257    
258     After selecting a cipher, Server B takes the keyphrase, and
259     decrypts it using it's own PRIVATE key. If the decryption fails,
260     an ERROR is sent, and the connection is dropped. The signature
261     is then verified by decrypting the data with Server A's PUBLIC key.
262    
263     Server B then sends its own CRYPTLINK SERV command as above.
264    
265     Server B then combines the data with the locally generated
266     key with the received key as defined above[1], and signs
267     and encrypts this new key in the same way as the original, and
268     sends it to Server A.
269    
270     Server A then decrypts the key, and verifies it matches the
271     expected values, based on the key it generated, and the key
272     received from Server B. If it mismatches, Server A assumes
273     Server B could not decrypt Server A's data, and thus is not
274     in possession of Server B's private key.
275    
276     If the data matches, the authentication is legitimate, and
277     the servers officially link up.
278    
279     If the data does NOT match, then someone is being naughty.
280     In this case, an ERROR is sent, and the connection is dropped.
281    
282     4.0 - Communication Phase Examples
283     ----------------------------------
284    
285     Server #1 connects to Server #2
286     ===============================
287     1. Server #1 initiates connection to Server #2 on port 6667.
288     2. Server #2 answers on port 6667.
289     3. Server #1 sends:
290    
291     CAPAB :QS EX CHW IE EOB KLN GLN UID ZIP ENC.
292     CRYPTLINK CIPHERS :BF/168
293     CRYPTLINK SERV irc.server1 <keyphase> :We like IRC! Woo hoo!
294    
295     4. Server #2 checks to see if it supports BF/168. It does.
296     5. Server #2 sends:
297    
298     CAPAB :QS EX CHW IE EOB KLN GLN HUB UID ZIP ENC
299     CRYPTLINK CIPHERS :BF/168 BF/128
300     CRYPTLINK SERV irc.server2 <key> :My server is better than yours!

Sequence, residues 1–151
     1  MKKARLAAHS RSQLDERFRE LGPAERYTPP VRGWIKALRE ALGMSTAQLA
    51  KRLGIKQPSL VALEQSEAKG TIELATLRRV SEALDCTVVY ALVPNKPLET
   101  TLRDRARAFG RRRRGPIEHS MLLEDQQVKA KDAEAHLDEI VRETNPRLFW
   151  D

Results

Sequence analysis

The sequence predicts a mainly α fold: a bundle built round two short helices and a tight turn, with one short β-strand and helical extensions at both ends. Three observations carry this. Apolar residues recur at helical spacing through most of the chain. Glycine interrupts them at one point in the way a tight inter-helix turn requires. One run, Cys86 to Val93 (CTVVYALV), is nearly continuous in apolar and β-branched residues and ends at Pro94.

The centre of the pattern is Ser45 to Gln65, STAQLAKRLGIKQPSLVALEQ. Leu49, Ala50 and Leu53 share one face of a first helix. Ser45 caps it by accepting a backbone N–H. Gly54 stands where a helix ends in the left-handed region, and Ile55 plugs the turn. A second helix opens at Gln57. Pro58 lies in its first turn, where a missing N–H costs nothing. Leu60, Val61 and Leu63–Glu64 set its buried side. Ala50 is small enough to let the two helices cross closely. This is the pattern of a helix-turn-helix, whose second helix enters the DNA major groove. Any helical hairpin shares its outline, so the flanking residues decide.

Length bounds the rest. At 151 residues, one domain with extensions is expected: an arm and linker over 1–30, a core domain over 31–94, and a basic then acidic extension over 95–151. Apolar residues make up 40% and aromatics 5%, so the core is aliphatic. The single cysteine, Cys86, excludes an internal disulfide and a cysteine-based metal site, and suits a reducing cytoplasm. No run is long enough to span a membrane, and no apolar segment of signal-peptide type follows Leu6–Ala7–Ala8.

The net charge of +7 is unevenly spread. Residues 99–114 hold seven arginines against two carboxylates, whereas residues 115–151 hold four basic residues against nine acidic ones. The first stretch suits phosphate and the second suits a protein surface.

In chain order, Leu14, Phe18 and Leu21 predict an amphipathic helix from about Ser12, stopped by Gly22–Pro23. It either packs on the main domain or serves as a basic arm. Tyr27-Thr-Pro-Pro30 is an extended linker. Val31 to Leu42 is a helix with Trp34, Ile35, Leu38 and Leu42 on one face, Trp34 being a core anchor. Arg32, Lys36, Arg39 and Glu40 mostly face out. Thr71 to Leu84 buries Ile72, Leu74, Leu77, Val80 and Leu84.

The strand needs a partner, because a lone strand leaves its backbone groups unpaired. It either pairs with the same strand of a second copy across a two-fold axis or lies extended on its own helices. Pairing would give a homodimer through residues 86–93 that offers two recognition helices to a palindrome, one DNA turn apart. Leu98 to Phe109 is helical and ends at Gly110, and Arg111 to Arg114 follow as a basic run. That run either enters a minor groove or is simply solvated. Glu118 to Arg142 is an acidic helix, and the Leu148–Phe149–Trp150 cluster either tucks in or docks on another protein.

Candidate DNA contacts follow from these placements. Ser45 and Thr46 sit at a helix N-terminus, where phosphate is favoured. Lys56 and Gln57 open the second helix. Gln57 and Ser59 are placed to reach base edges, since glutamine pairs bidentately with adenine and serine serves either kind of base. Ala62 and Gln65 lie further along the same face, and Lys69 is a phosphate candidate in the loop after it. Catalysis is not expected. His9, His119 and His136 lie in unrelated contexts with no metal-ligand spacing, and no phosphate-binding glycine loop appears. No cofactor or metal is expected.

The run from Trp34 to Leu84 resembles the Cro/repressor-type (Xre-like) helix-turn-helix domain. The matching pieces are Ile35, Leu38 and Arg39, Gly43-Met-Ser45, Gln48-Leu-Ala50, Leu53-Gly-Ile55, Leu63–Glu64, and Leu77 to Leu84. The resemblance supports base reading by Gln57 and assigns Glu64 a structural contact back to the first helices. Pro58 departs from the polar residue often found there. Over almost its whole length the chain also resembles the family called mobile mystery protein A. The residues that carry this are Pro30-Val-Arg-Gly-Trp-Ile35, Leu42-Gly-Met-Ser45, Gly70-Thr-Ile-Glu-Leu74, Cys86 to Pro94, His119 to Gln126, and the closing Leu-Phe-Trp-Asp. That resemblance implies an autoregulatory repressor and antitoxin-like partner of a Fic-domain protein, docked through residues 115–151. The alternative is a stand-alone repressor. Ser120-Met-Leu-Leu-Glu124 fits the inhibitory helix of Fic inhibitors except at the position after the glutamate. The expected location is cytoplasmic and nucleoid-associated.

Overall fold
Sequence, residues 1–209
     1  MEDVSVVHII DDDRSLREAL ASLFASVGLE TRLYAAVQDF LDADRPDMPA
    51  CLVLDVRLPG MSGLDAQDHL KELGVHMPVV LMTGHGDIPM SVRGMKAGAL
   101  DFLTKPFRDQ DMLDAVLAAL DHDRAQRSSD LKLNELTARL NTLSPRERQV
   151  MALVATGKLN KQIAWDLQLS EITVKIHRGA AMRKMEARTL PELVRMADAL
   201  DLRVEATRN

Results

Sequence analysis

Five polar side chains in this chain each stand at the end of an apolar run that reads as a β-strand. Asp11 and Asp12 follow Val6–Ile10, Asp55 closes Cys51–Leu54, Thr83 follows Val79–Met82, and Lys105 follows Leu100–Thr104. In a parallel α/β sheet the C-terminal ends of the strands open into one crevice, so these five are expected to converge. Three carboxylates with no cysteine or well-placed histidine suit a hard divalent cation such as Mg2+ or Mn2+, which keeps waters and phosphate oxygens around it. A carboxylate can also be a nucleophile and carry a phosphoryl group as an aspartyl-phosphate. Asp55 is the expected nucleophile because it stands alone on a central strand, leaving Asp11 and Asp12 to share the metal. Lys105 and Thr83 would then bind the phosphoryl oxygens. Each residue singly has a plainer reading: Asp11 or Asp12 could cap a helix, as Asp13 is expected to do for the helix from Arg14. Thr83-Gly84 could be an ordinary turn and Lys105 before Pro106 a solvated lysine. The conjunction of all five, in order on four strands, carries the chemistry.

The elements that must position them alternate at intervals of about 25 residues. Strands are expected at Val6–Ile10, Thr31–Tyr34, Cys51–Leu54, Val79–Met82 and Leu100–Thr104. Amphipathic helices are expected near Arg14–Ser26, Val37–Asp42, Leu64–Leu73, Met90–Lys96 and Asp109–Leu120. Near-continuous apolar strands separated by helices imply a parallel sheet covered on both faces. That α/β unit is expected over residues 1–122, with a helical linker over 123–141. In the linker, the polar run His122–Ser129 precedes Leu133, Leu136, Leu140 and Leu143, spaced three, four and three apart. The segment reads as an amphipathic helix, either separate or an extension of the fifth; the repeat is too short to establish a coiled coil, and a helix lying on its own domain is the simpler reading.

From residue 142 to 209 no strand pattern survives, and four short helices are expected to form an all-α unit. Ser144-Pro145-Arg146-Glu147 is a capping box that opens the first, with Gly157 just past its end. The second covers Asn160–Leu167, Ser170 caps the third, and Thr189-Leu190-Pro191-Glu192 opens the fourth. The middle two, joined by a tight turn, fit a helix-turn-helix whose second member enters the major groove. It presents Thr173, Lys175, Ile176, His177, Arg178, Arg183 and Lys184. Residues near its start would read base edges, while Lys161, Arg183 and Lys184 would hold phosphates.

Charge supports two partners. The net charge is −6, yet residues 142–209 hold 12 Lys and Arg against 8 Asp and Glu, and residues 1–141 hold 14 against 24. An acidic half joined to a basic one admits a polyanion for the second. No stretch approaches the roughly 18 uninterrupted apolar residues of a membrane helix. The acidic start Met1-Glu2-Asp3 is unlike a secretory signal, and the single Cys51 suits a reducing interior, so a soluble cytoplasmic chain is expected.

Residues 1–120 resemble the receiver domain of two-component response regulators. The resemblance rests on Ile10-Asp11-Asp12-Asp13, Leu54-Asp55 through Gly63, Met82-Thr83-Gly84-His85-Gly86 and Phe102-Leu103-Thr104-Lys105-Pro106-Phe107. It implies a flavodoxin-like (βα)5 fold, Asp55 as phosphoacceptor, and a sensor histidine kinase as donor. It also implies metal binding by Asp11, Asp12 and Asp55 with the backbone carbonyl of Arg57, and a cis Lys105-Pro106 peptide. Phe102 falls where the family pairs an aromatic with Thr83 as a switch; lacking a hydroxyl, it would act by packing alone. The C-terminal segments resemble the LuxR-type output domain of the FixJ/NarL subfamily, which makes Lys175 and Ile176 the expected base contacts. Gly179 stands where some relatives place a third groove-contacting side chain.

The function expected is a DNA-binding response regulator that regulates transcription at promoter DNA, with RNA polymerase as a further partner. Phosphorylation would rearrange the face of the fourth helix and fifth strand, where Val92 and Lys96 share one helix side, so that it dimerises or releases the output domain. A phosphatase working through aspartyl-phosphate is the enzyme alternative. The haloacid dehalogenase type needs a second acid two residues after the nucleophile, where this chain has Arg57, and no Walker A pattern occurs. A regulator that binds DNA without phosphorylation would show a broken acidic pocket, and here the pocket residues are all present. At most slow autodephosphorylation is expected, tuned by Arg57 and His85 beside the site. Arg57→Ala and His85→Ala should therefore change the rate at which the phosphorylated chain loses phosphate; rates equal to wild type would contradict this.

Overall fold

301     CRYPTLINK AUTH BF/168 <base64-encoded verification key>
302    
303     6. Server #1 checks to see if it supports one of BF/168 or BF/128,
304     and selects an outgoing cipher (BF/128).
305     7. Server #1 decrypts the key, and validates it. It's correct.
306     8. Server #1 sends:
307    
308     CRYPTLINK AUTH BF/128 <base64-encoded verification key>
309    
310     12. Server #1 now enters zip/encryption mode, and sends a net burst.
311     13. Server #2 decrypts the key, and validates it. It's correct.
312     14. Server #2 now enters zip/encryption mode, and sends a net burst.
313    
314     Server #1 connects to server #2, cipher fails
315     =============================================
316     1. Same as Steps 1-3 of the above example.
317     4. Server #2 checks to see if it supports BF/168. It does NOT.
318     5. Server #2 sends:
319    
320     ERROR :CRYPTLINK - No compatible ciphers enabled. Aborting Link.
321    
322     6. Server #1 is aware of the error, logs it, and/or informs
323     administrators/IRCops on the server of the cipher failure.
324     7. Server #2 closes the socket.
325    
326    
327     Server #1 connects to server #2, CRYPTAUTH fails
328     ================================================
329     1. Same as Steps 1-6 of the above example.
330     11. Server #1 decrypts the key, and validates it. It's INCORRECT.
331     12. Server #1 sends:
332    
333     ERROR :CRYPTLINK - Verification failed. Home, James.
334    
335     13. Server #1 is aware of the error, logs it, and/or informs
336     administrators/IRCops on the server of the key mismatch.
337     14. Server #1 closes the socket.
338    
339     $Id: cryptlink.txt,v 7.10 2003/05/31 07:01:39 lusky Exp $